Garlic-rosemary white bean toasts take all of 15 minutes to whip up with ingredients that are easy to keep on hand — so it’s perfect for surprise guests. (Photo by Deb Lindsey for The Washington Post)

Garlic-rosemary white bean toasts take all of 15 minutes to whip up with ingredients that are easy to keep on hand — so it’s perfect for surprise guests. (Photo by Deb Lindsey for The Washington Post)

Company-worthy appetizers that are straight from your pantry

Garlic-rosemary white bean toasts can be whip up with ingredients that are easy to keep on hand.

One of the most joyful things about this season is that friends and family drop in to visit. But that can also be one of the most stressful parts, considering all the elements you’d like to have in place when they come by — not the least of which is having a delicious nibble to serve.

With that in mind, consider this recipe your holiday pressure-release valve. It’s a memorable Mediterranean bite of crunchy toast topped with coarsely mashed white beans with lemon, garlic and rosemary, finished festively with a drizzle of extra-virgin olive oil and a sprinkle parsley and crushed red pepper flakes.

It takes all of 15 minutes to whip up with ingredients that are easy to keep on hand — so it’s perfect for surprise guests — or you can make the toasts and the beans a few days in advance and pull it all together at the last minute.

The dish has a modern, rustic elegance; it is a nice savory break from all the cookie action, and it pairs well with many beverages you might be pouring at this time of year, including a cup of tea or hot cider and a glass of red wine. Most importantly, it is a genuine pleasure not just for the guests, but for the host as well.

Garlic-rosemary white bean toasts

3 tablespoons plus 2 teaspoons extra-virgin olive oil

6 medium slices crusty, whole-grain bread (about 5 ounces total)

1 clove garlic, minced

1 teaspoon chopped fresh rosemary

1 (15 ounces) can no-salt-added cannellini beans, drained and rinsed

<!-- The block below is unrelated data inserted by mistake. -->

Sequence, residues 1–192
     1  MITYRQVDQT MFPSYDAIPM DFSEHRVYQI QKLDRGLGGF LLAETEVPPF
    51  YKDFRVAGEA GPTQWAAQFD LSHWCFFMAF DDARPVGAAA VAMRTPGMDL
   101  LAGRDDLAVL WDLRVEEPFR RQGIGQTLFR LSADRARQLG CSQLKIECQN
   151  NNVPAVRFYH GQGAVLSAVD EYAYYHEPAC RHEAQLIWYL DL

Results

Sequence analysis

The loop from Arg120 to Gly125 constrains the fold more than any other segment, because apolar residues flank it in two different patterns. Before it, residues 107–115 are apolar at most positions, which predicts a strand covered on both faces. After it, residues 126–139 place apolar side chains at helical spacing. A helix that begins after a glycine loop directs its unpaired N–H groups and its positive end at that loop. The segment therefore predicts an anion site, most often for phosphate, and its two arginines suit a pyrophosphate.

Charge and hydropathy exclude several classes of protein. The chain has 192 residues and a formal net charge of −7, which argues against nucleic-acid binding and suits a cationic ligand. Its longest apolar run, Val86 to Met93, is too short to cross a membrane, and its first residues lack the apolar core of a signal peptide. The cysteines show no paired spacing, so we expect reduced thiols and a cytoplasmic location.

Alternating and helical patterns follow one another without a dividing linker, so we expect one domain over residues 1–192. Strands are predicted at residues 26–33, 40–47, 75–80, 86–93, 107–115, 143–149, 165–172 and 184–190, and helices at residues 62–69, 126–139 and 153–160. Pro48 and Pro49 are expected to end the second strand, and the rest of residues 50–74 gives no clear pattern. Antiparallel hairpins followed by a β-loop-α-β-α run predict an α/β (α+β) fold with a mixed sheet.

2 tablespoons fresh lemon juice

¼ teaspoon salt

2 teaspoons chopped fresh parsley

1 pinch crushed red pepper flakes

Preheat the oven to 400 degrees. Use 1 tablespoon of the oil (total) to brush the slices of bread on one side. Arrange the slices on a baking sheet, oiled sides up; toast (top rack) for about 10 minutes, until browned and crisp.

Heat 2 tablespoons of the oil in a medium skillet over medium heat. Once the oil shimmers, add the garlic and rosemary; cook for 1 minute, stirring, then remove from the heat. Add the beans, lemon juice and salt. Use the back of a spoon or a fork to mash some of the beans, creating a mix of mashed, whole and partially mashed beans.

Spread each toast with the bean mixture, then use the remaining 2 teaspoons of oil to drizzle over each portion. Sprinkle with the parsley and crushed red pepper flakes.

Makes 6 servings. Nutrition per serving: 190 calories, 6 grams protein, 21 grams carbohydrates, 10 grams fat, 1 gram saturated fat, no cholesterol, 250 milligrams sodium, 4 grams dietary fiber, no sugar.

Talk to us

More in Life

Herr Jung leads a group through Bacharach, Germany.
Rick Steves’ Europe: Lessons from a schoolmaster on the Rhine

Herr Jung dedicated his life to sharing Germany’s hard history so others can learn from it.

Jennifer Bardsley, author of her newest book Good Catch, at her home on Tuesday, Sept. 28, 2021 in Edmonds, Wa. (Olivia Vanni / The Herald)
Edmonds author transitions from young adult novels to romance

Jennifer Bardsley’s “Good Catch” is set in an Edmonds-like town. Spoiler alert: There’s a happy ending.

Caption: They might be too old for lunch box notes, but teenagers benefit from TLC too.
Fun ways to show the teens in your life that you care

The teen years can be challenging but they don’t last long. A little bit of extra attention can go a long way.

Jack Rice, left, gives his grandmother Carolyn Rice, a tutorial on her new tablet Saturday afternoon in Edmonds on November 20, 2021.  (Kevin Clark / The Herald)
Need to Ring or Zoom? Edmonds teen comes to the rescue

Jack Rice, 17, started a free service to help seniors connect with tech. “He’s a hero around here.”

How to transform past shame into something positive and healthy

Tips on coping with the shame that we carry around in our hearts and on our sleeves.

Lisa Riddle jumps for joy after hitting a bullseye on her last throw on a game of axe throwing at Arrowhead Ranch on Thursday, July 15, 2021 in Camano Island, Washington.  (Andy Bronson / The Herald)
Axe throwing hitting a bull’s-eye in Everett and Camano Island

“It’s not scary. It’s a fun night out and a stress reliever,” says an axe-throwing devotee.

Header, garden shovel or spade puts into soil, green meadow in the back, low angle shot
Regenerative gardening helps save the planet one garden at a time

Regenerative gardening is founded on the principle that if we take care of our soils then everything else will work out for the best.

She canceled her Iceland trip in time. Where’s her refund?

When Kim Josund cancels her trip to Iceland, she believes she’s entitled to a full refund. Why are her hotel and dive operator refusing?

GPP
Great Plant Pick: Acer tegmentosum “Joe Witt”

This Manchurian snakebark maple boasts beautiful highly striped white bark that brightens the shade garden.

Most Read